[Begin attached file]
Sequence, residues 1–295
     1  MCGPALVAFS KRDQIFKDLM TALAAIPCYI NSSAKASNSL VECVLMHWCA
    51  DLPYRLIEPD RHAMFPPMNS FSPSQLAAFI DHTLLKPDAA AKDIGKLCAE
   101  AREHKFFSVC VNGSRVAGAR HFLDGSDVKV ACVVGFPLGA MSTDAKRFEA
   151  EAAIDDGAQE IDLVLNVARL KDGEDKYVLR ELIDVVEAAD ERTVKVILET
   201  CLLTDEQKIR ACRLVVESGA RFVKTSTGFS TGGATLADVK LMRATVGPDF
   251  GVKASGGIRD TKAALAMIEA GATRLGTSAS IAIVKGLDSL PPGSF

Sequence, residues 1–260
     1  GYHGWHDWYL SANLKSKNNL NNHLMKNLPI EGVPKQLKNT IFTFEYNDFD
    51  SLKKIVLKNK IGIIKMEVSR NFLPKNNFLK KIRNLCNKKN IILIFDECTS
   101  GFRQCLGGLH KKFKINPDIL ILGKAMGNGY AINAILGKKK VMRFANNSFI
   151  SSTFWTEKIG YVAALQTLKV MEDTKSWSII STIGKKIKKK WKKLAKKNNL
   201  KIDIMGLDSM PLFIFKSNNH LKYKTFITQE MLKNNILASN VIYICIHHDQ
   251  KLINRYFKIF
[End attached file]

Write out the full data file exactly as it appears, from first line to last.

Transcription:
Sequence, residues 1–295
     1  MCGPALVAFS KRDQIFKDLM TALAAIPCYI NSSAKASNSL VECVLMHWCA
    51  DLPYRLIEPD RHAMFPPMNS FSPSQLAAFI DHTLLKPDAA AKDIGKLCAE
   101  AREHKFFSVC VNGSRVAGAR HFLDGSDVKV ACVVGFPLGA MSTDAKRFEA
   151  EAAIDDGAQE IDLVLNVARL KDGEDKYVLR ELIDVVEAAD ERTVKVILET
   201  CLLTDEQKIR ACRLVVESGA RFVKTSTGFS TGGATLADVK LMRATVGPDF
   251  GVKASGGIRD TKAALAMIEA GATRLGTSAS IAIVKGLDSL PPGSF

Sequence, residues 1–260
     1  GYHGWHDWYL SANLKSKNNL NNHLMKNLPI EGVPKQLKNT IFTFEYNDFD
    51  SLKKIVLKNK IGIIKMEVSR NFLPKNNFLK KIRNLCNKKN IILIFDECTS
   101  GFRQCLGGLH KKFKINPDIL ILGKAMGNGY AINAILGKKK VMRFANNSFI
   151  SSTFWTEKIG YVAALQTLKV MEDTKSWSII STIGKKIKKK WKKLAKKNNL
   201  KIDIMGLDSM PLFIFKSNNH LKYKTFITQE MLKNNILASN VIYICIHHDQ
   251  KLINRYFKIF